At the structural end of the spectrum, the emerging economies tend to consider innovation from a more holistic perspective, combining micro- and macro-economic elements with aspects of basic and higher education, thus seeking a genuine whole-of-government approach. In the extreme, they might establish one dedicated Ministry for Science, Technology, and Innovation (as for example in Brazil) that concentrates important policy responsibilities that would otherwise be dispersed over several Ministries. This approach creates an organisational structure that is clearly in charge of innovation policy, which should result in a more inclusive, better integrated innovation policy.

Both approaches have their merits and risks, and their success will always depend upon the specific circumstances under which they are implemented. But they both build on the understanding that fragmented policy initiatives will not achieve the desired outcome: a society that is fit for innovation across the entire landscape.

Competition of interests

Policy making in the real world is always faced with resource constraints that create the need for picking and choosing, for setting priorities. Even though policy is “only” meant to set the conditions, i.e., defining the rules of the game and ensuring a level playing field for all participants, the reality of constrained resources often creates the impression that policy itself would pick the winners in the game. The result is a competition of policy approaches, and it is only natural that the main stakeholders seek to influence policy making to achieve favourable policy objectives.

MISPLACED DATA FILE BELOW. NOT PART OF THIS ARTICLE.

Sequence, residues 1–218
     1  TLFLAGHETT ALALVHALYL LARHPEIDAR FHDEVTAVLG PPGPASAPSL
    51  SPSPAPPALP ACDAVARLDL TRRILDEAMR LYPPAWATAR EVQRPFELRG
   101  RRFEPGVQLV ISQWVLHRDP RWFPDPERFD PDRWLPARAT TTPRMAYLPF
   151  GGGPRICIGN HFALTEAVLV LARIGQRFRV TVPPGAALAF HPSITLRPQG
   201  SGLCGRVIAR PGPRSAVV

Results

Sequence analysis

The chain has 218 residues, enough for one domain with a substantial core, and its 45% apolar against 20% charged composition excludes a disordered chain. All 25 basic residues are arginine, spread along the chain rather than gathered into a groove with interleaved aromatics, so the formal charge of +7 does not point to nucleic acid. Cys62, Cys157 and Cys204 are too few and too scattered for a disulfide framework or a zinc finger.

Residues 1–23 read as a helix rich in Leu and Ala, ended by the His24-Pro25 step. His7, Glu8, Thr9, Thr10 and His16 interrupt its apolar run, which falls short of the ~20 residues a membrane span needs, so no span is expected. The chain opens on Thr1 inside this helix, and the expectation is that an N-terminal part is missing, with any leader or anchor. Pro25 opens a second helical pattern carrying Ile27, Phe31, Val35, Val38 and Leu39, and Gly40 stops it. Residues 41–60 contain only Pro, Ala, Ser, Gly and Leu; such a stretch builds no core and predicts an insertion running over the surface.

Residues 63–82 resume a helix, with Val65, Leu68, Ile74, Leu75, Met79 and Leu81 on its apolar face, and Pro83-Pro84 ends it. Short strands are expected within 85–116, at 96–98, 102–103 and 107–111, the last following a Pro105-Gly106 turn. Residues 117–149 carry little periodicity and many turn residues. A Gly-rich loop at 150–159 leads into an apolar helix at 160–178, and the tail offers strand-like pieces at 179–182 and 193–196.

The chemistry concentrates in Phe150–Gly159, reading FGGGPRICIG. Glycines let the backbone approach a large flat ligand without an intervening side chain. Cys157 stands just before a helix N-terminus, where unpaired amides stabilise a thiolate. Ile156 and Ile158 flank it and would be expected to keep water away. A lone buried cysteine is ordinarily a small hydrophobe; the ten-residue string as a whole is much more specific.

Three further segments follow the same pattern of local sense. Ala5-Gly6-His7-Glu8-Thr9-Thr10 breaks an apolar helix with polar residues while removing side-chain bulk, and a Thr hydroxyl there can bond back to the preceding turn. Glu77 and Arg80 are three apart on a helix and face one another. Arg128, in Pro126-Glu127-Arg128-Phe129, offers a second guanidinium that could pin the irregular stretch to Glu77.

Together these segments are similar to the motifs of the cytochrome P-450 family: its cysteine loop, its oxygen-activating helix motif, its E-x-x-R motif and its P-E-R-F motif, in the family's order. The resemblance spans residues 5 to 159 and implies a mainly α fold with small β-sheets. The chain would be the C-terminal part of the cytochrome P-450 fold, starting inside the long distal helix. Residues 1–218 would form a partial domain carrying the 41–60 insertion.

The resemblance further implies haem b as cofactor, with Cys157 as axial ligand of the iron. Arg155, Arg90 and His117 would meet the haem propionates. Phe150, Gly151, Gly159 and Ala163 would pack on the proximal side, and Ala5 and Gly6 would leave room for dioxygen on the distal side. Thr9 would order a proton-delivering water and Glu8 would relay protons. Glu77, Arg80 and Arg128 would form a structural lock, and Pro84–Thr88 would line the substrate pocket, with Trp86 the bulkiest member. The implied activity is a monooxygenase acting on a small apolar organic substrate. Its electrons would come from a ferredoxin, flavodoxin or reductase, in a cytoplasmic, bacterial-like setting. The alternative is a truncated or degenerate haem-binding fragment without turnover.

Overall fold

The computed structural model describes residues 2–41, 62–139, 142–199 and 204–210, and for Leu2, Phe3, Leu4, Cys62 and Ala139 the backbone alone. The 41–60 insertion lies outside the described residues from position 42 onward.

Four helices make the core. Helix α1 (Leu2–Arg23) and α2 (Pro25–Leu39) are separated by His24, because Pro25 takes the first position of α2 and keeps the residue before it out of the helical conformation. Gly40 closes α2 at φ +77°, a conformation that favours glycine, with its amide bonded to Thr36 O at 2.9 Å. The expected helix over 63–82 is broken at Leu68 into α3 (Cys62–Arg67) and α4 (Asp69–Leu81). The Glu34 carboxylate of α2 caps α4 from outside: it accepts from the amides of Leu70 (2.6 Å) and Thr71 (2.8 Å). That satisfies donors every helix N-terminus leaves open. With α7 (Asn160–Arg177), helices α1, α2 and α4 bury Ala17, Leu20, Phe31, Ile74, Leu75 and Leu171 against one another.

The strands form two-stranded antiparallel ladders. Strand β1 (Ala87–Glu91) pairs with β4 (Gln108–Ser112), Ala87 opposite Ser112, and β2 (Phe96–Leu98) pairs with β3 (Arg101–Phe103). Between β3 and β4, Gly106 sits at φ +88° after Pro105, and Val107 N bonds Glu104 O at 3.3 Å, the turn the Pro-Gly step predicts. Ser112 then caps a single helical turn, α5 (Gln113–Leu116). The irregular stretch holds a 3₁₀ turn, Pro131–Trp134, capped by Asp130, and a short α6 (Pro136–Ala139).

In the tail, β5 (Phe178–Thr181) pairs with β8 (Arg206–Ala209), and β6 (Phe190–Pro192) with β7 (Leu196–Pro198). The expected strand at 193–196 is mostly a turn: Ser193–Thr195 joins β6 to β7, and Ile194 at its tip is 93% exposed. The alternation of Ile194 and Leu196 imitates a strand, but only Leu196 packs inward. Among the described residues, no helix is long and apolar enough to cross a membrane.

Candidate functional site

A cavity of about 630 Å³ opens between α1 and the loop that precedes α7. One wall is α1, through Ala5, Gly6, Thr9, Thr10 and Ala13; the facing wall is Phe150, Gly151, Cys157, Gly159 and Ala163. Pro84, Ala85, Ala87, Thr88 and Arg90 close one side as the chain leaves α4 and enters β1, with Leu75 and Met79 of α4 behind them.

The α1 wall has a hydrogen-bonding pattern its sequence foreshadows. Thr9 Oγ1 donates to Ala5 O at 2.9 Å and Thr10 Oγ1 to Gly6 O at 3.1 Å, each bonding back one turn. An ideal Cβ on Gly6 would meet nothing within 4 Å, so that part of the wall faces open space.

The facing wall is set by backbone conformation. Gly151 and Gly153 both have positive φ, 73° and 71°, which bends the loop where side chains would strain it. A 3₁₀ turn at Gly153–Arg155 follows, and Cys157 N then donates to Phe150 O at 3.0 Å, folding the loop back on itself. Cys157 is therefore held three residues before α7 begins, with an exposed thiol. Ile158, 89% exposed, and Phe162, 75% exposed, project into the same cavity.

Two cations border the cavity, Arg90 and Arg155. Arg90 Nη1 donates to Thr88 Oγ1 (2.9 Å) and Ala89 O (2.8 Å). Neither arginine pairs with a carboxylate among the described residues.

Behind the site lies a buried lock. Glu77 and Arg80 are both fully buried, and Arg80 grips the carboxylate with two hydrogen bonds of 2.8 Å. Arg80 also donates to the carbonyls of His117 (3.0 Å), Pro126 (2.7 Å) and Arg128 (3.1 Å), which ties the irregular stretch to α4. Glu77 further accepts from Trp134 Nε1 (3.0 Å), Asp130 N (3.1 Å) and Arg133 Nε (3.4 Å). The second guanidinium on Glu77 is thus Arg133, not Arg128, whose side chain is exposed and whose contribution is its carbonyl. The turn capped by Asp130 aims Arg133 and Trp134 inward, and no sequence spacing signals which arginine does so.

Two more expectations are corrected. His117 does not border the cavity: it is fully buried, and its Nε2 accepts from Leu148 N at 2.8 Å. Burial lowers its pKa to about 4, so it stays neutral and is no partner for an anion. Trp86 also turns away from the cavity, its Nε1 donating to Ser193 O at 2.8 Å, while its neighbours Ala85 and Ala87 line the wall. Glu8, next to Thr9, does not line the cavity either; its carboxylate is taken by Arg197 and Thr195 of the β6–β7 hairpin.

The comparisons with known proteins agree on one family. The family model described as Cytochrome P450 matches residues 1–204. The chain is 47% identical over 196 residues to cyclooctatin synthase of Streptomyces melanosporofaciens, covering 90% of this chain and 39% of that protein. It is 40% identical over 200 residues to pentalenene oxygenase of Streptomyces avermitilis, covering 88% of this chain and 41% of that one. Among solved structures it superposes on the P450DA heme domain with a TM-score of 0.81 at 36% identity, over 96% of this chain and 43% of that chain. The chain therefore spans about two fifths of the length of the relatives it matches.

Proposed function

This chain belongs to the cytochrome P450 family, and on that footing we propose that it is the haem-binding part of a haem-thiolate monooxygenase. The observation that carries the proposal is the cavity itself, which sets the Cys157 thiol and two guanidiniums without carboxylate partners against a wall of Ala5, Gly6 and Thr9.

Of course this applies to innovation policy as well: the innovation protagonists will try to shape innovation policy in their specific favour. However, their abilities to do so are quite different. At one end of the spectrum is society itself: society is the main beneficiary of innovation, and society also holds the key to all policy making. Hence it should be straightforward for society to just dictate the ideal innovation policy. However, given the complexity of the topic and its often very long time horizon, innovation is not an attractive subject for politicians to build a career on. Rather, innovation as a policy topic tends to be left for later, or to somebody else. As a result, society’s need to promote innovation across the entire landscape is seldom cast into a truly systematic, integrated innovation policy.